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Bill Russell, Celtics Legend and NBA Pioneer, Died at the Age of 88

Bill Russell Died at the Age of 88

Bill Russell Died at the Age of 88

Bill Russell, one of the most successful athletes in American history, passed away on Sunday. At the end of his career, the pillar of the Boston Celtics dynasty, he won 11 NBA titles. According to a statement on social media, the Hall of Famer died peacefully with his wife Jeannine by his side. In the near future, details of his memorial service will be released.

Five-time MVP Russell was tied for the most titles in a North American sports league with Henri Richard. Russell was honored with the Medal of Freedom in 2011 by President Barack Obama, the nation’s highest civilian honor, for his advocacy as well as his winning record.

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“But for all the winning, Bill’s understanding of the struggle is what illuminated his life,” the statement added. His activism was finally recognized by the Presidential Medal of Freedom he received in [2011] for his decades of activism, which included boycotting an exhibition game in 1961 to expose long-tolerated racism, as well as leading Mississippi’s first integrated basketball camp after the murder of Medgar [Evers]. Although it was never his humble aim, Bill’s brutal honesty and powerful example will eternally encourage teamwork, altruism, and intelligent change. He spoke out injustice with an unforgiving candor that would disturb the status quo.”

“Bill’s wife, Jeannine, and his many friends and family thank you for keeping Bill in your prayers. Perhaps you’ll relive one or two of the golden moments he gave us, or recall his trademark laugh as he delighted in explaining the real story behind how those moments unfolded. And we hope each of us can find a new way to act or speak up with Bill’s uncompromising, dignified and always constructive commitment to principle. That would be one last, and lasting, win for our beloved #6.”

It’s not hyperbole to argue that Russell was the greatest winner in North American sports; it’s a plain truth that he dominated the sport for more than a decade and a half.

To go along with his 1956 Olympic gold medal, Russell led the University of San Francisco to consecutive NCAA titles and a run of 55 victories in a row during his college years. In his junior year, the NCAA widened the lane and prohibited basket interference as a result of his dominance as a 6-foot-9 center.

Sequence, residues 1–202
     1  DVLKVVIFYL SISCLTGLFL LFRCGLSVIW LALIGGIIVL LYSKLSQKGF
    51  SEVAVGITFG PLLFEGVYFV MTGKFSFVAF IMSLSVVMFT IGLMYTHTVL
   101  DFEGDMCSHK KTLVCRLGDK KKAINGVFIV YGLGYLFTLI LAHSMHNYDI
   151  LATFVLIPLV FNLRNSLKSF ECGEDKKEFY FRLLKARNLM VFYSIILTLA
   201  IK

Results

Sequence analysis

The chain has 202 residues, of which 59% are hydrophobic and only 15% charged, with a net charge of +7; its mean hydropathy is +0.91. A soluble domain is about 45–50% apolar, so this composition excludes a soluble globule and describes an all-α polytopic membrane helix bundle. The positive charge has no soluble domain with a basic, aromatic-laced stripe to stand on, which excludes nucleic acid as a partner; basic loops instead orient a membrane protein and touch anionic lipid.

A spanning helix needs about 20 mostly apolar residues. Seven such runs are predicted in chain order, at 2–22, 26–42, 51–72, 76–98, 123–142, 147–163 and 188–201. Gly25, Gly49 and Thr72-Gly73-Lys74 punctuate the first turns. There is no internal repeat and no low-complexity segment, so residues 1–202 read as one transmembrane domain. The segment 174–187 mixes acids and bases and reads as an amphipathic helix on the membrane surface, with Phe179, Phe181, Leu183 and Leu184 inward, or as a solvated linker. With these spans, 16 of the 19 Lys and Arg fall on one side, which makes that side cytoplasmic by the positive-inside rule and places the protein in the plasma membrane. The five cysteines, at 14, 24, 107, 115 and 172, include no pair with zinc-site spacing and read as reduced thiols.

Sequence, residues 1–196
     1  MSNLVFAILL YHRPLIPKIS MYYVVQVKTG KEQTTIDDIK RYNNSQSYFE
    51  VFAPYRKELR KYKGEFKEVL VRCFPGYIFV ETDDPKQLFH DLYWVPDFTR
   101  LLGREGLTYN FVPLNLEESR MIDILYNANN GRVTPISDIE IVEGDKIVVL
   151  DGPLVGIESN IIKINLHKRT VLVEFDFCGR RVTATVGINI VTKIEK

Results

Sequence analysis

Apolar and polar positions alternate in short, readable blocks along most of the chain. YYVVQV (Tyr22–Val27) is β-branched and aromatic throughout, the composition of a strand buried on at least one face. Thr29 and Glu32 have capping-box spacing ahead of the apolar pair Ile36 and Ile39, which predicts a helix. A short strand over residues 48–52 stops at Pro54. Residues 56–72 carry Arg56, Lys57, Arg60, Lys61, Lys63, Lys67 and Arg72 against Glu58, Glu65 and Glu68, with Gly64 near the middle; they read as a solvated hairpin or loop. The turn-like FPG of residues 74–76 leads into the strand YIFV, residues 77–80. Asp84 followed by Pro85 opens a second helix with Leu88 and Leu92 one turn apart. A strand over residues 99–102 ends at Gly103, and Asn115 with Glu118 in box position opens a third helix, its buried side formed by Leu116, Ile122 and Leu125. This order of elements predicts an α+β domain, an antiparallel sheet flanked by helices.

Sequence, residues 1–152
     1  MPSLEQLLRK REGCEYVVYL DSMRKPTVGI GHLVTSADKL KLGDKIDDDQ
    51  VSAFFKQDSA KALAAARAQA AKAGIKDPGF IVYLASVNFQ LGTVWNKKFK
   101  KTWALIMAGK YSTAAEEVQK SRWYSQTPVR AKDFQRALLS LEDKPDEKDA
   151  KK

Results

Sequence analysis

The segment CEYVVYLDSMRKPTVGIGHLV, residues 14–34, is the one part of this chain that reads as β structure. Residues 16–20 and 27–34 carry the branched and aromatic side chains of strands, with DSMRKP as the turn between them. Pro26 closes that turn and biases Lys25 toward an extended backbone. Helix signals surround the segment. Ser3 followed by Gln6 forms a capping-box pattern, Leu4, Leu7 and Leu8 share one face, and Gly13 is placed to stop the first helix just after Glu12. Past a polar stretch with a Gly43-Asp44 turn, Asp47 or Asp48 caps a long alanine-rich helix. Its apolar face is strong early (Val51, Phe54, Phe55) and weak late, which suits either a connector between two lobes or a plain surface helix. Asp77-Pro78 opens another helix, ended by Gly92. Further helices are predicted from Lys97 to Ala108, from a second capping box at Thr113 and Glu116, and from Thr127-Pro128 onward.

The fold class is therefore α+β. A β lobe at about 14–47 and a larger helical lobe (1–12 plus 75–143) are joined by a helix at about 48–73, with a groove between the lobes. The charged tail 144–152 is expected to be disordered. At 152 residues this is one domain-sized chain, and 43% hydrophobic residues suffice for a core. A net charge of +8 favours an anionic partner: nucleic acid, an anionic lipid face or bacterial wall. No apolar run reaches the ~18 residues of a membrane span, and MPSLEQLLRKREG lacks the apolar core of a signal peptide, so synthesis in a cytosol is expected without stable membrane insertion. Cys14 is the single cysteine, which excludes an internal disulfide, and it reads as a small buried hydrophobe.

As a rookie in 1956-57, he led the Celtics to a franchise-record 12 NBA Finals appearances, winning 11 of them. While Wilt Chamberlain was the most dominant player in college basketball at the time, his shot-blocking prowess helped transform the NBA.

Bill Russell Died

“Bill Russell was the greatest champion in all of the team sports,” NBA Commissioner Adam Silver stated in a statement. “The countless accolades that he earned for his storied career with the Boston Celtics — including a record 11 championships and five MVP awards — only begin to tell the story of Bill’s immense impact on our league and broader society.”

Our league’s ideals of equality, respect, and inclusiveness were branded into the DNA of our league by Bill. At the peak of his career, Bill fought tirelessly for civil rights and social justice, a legacy he passed on to generations of NBA players. Despite the insults, threats, and unimaginable hardships, Bill never wavered in his conviction that everyone is entitled to respect and dignity in life.

This year, for the first time in nearly 35 years, we were able to see Bill Russell at every major NBA event, including the Finals, where he presented MVP LeBron James with the Bill Russell Trophy.

“I cherished my friendship with Bill and was thrilled when he received the Presidential Medal of Freedom. I often called him basketball’s Babe Ruth for how he transcended time. Bill was the ultimate winner and consummate teammate, and his influence on the NBA will be felt forever. We send our deepest condolences to his wife, Jeannine, his family, and his many friends.”

Russell finished his career with a career-high 21,620 rebounds, good for 22.5 rebounds per game, and 12 seasons in a row with at least 1,000 rebounds.

Coach Red Auerbach stepped down after the Celtics won their eighth straight championship in 1966 and chose Russell his successor. Russell’s appointment as the first black head coach of a major league team in any sport was historic. Boston, where he had to contend with racism throughout his career, was even more significant since he led the Celtics to two NBA championships in 1968 and 1969. He went on to coach at Seattle and Sacramento, among other stops.

A year before Michael Jordan’s meteoric ascent to fame in the 1990s, Russell was largely recognized as the best player in NBA history. He was inducted into the Naismith Memorial Basketball Hall of Fame as the first black player in 1975.

“Bill Russell was a pioneer — as a player, as a champion, as the NBA’s first Black head coach and as an activist. He paved the way and set an example for every other Black player who came into the league after him, including me,” Jordan said during a statement. “The world has lost a legend. My condolences to his family and may he rest in peace.” Stay tuned with us only on Lee Daily

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